But times have changed. Today, although the US is still the world’s largest economy, China is already the second-largest and is set to overtake the US within the next 10 years. It is, therefore, reasonable for China and other developing countries to want to be part of the new rule-making process. But a transition of global superpowers could make all parties very nervous, as in history it often ended in war. This makes China–US cooperation all the more important, not only to avoid major confrontation but also to build a better world.
The new major-power relationship proposed by the Chinese leaders offers a useful framework and appears to be welcomed by American leaders. But as a first step toward this new model, the two countries should work closely to bridge the TPP and RCEP initiatives. There are high hurdles to achieving this goal. But they would not be higher than bringing President Nixon and Chairman Mao together in 1972.
Positive developments have occurred recently too. In Beijing, an increasing number of policy advisors are now urging the government to apply to join the TPP negotiations as early as possible. In particular, they argue that many of the TPP’s sticky issues — such as reform of state-owned enterprises, environmental and labour standards, protection of intellectual property rights and liberalisation of services trade — are also on China’s own reform agenda. In Washington, some government officials also argue that Chinese TPP participation would be positive for the world. And National Security Advisor Susan Rice recently said that the US would welcome China’s participation in TPP negotiations.
But these are not enough. To the Chinese, the American position that China can join after TPP negotiations are concluded represents old 20th-century thinking. China wants to be a part of the rule-making process, not just a passive rule-taker. In reality, it is possible that China could demand for modification to the rules when it joins later anyway, especially if it becomes the world’s largest economy. Therefore, it would be much better for the world if the TPP were to secure China’s commitments from the very beginning.
China also needs to do more to convince TPP participants that it can achieve high-quality liberalisation, especially in the areas of state-owned enterprises, intellectual property rights and cyber security. The reform program approved by the Third Plenum of the 18th Party Congress is a first step demonstrating the Chinese government’s determination in implementing aggressive and comprehensive reforms. But the government needs to take actions more quickly, through steps including experiments in the recently established Shanghai Free Trade Zone.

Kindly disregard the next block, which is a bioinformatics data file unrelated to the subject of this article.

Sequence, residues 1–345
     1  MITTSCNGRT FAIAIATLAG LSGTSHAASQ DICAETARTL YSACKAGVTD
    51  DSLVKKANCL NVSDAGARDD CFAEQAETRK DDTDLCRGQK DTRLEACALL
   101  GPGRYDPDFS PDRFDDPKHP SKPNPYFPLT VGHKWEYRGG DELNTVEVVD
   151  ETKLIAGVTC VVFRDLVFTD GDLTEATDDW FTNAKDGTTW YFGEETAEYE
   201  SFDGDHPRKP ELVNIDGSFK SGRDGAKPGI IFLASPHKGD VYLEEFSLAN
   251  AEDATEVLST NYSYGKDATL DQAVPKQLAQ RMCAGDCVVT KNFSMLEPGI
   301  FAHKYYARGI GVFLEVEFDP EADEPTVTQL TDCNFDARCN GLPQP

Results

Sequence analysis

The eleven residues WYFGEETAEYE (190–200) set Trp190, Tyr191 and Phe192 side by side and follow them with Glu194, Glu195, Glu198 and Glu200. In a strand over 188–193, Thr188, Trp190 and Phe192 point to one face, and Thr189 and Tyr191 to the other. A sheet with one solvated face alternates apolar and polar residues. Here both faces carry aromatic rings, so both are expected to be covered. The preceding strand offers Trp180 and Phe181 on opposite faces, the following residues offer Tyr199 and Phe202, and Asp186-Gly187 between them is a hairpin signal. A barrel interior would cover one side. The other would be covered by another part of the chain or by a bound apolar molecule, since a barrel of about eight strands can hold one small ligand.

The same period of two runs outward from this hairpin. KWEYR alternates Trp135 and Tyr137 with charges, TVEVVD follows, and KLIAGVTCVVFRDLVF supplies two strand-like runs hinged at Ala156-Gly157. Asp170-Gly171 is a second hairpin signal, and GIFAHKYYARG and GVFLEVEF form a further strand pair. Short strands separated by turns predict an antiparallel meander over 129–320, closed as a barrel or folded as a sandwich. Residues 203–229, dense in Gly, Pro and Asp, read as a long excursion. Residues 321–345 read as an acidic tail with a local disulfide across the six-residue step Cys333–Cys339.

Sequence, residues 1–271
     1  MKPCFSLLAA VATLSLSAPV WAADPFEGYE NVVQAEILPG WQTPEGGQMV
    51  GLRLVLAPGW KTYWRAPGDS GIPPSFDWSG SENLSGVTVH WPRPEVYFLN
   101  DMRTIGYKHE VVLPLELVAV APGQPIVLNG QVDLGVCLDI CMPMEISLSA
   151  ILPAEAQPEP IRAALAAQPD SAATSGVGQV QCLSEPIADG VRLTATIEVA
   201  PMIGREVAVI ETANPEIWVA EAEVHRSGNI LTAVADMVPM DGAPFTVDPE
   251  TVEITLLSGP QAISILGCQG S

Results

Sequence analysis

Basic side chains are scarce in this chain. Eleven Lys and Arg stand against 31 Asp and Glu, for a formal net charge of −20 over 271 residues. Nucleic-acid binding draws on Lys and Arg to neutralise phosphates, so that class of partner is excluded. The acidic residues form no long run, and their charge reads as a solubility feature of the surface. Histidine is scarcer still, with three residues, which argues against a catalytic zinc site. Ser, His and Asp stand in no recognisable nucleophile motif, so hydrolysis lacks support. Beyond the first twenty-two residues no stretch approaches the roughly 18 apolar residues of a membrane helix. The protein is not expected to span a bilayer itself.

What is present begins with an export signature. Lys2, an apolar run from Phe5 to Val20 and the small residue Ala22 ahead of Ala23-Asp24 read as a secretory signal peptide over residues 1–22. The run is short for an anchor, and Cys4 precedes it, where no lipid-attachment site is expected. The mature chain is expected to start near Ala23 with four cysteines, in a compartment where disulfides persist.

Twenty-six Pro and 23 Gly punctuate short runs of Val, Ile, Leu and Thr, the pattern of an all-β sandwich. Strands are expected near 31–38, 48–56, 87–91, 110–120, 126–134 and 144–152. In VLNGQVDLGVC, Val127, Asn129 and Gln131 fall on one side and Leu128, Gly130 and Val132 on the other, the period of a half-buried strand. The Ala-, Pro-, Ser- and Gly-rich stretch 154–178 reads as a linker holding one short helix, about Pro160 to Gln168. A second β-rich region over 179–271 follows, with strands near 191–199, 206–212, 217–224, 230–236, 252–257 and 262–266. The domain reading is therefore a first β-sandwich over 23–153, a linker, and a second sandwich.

There is also the difficult question of whether China should be treated as a developing or developed country. It is reasonable for China to claim status as a developing nation given its income level. But the US objection to this is also understandable given China’s economic size and global influences. Perhaps a workable solution is for China to sign up to a high-quality agreement, which allows grace periods for liberalisation in certain areas.
There are practical difficulties for China to join TPP negotiations immediately, mainly because the current round of negotiation is likely at its final stage. Realistically, the earliest time that China could participate would be 2015 or later. But China, the US and other involved parties can start working on this now. For instance, the two governments should establish a TPP–RCEP joint working group, under the framework of the Strategic and Economic Dialogue. The two countries should also share information about both negotiations. The joint working group should also conduct feasibility analyses, identify the key obstacles and make important policy recommendations. Another possibility is to make China an observer at the TPP negotiations.
Renminbi Internationalisation Will Be A Long March
By: East Asia Forum Date: 8 January 2014
The internationalisation of the Renminbi has been slower than what some analysts initially predicted. Still, RMB internationalisation will continue to enjoy steady progress but there will be no sensational developments.